Category: Professional Development

Developing skills for scholarly communication | Jisc scholarly communications

From Helen Blanchett via Jisc scholarly communications:

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“Over the last 2 years, representatives of several organisations and institutions  with an interest in skills development around scholarly communication have been trying to progress support in this area in a collaborative way (see full list of members below).

Blog posts by Danny Kingsley on the Cambridge Unlocking Research blog (July 2017, Nov 2017) describe initial discussions and early activities around identifying issues to address. These centred around concerns around a lack of training and support for these relatively new roles and a confusion for potential applicants around what these roles actually involve.”

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Source: Developing skills for scholarly communication | Jisc scholarly communications

Regional Collaboration in Promoting OER Adoption – WCET Frontiers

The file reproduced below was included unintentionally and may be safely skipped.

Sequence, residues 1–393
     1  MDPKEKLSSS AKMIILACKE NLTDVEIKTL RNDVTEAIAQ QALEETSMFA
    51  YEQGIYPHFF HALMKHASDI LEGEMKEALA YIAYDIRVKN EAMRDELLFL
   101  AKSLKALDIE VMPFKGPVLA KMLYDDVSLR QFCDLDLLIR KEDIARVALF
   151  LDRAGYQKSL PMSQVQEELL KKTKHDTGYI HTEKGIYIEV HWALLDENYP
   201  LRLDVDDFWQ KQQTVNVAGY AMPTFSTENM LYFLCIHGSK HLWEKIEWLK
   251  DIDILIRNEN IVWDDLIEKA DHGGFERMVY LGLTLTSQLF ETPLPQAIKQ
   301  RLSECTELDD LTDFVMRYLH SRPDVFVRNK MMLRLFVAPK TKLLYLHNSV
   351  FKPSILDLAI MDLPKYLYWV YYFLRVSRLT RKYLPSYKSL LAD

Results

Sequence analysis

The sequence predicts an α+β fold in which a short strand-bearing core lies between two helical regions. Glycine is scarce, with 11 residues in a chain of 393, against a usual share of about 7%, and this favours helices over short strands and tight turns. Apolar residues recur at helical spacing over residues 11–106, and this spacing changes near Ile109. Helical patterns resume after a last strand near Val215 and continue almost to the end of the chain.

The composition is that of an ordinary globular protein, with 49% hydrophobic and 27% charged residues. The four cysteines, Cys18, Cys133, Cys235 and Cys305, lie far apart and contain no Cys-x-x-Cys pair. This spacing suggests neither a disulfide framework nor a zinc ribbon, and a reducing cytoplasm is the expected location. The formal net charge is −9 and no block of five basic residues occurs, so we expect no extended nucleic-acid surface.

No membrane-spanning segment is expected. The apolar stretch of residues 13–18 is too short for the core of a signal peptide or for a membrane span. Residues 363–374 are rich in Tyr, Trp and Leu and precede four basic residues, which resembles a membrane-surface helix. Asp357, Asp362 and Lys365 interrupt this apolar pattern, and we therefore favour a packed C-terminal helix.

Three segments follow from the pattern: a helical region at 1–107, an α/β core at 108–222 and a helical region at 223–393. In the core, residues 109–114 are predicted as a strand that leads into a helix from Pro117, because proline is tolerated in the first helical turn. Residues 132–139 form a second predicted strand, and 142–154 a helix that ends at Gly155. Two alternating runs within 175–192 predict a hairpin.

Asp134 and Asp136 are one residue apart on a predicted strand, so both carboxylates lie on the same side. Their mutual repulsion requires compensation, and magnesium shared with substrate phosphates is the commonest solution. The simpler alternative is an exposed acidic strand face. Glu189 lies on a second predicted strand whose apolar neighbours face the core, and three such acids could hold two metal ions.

From Jenny Parks, Russ Poulin and Tanya Spilovoy via WCET Frontiers:

“Textbook prices have risen at a higher rate than any other consumer product. Efforts to use Open Educational Resources (OER) have often been limited in scope. How can we take what has been learned and scale it across institutions, systems, and states?

On November 28-30, 2018, seventy delegates from twelve Midwestern states gathered together to learn, share, and create state action plans for the implementation and expansion of the use of open educational resources. The OER Implementation and Policy Summit for the MHEC States was the first multi-state OER meeting of its kind bringing together national advocates and state-appointed delegates from libraries, distance education, systems, legislators, faculty, students, and K-12.”

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Source: Regional Collaboration in Promoting OER Adoption – WCET Frontiers

Getting Started: Open Textbook Network Publishing Cooperative

From the OTN:

“More and more, there is interest in supporting faculty authors in creating open textbooks for higher education. This course is designed to be pragmatic support for open textbook publishing programs, often led by librarians. Instructional designers, technologists and people who work at university presses may also be involved.

You’re invited to move through this course in whatever way works best for you. That said, it is organized in what we think is a sensible chronological order. So, if you’re not sure where to start, start at the beginning!”

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Source: Getting Started: Open Textbook Network Publishing Cooperative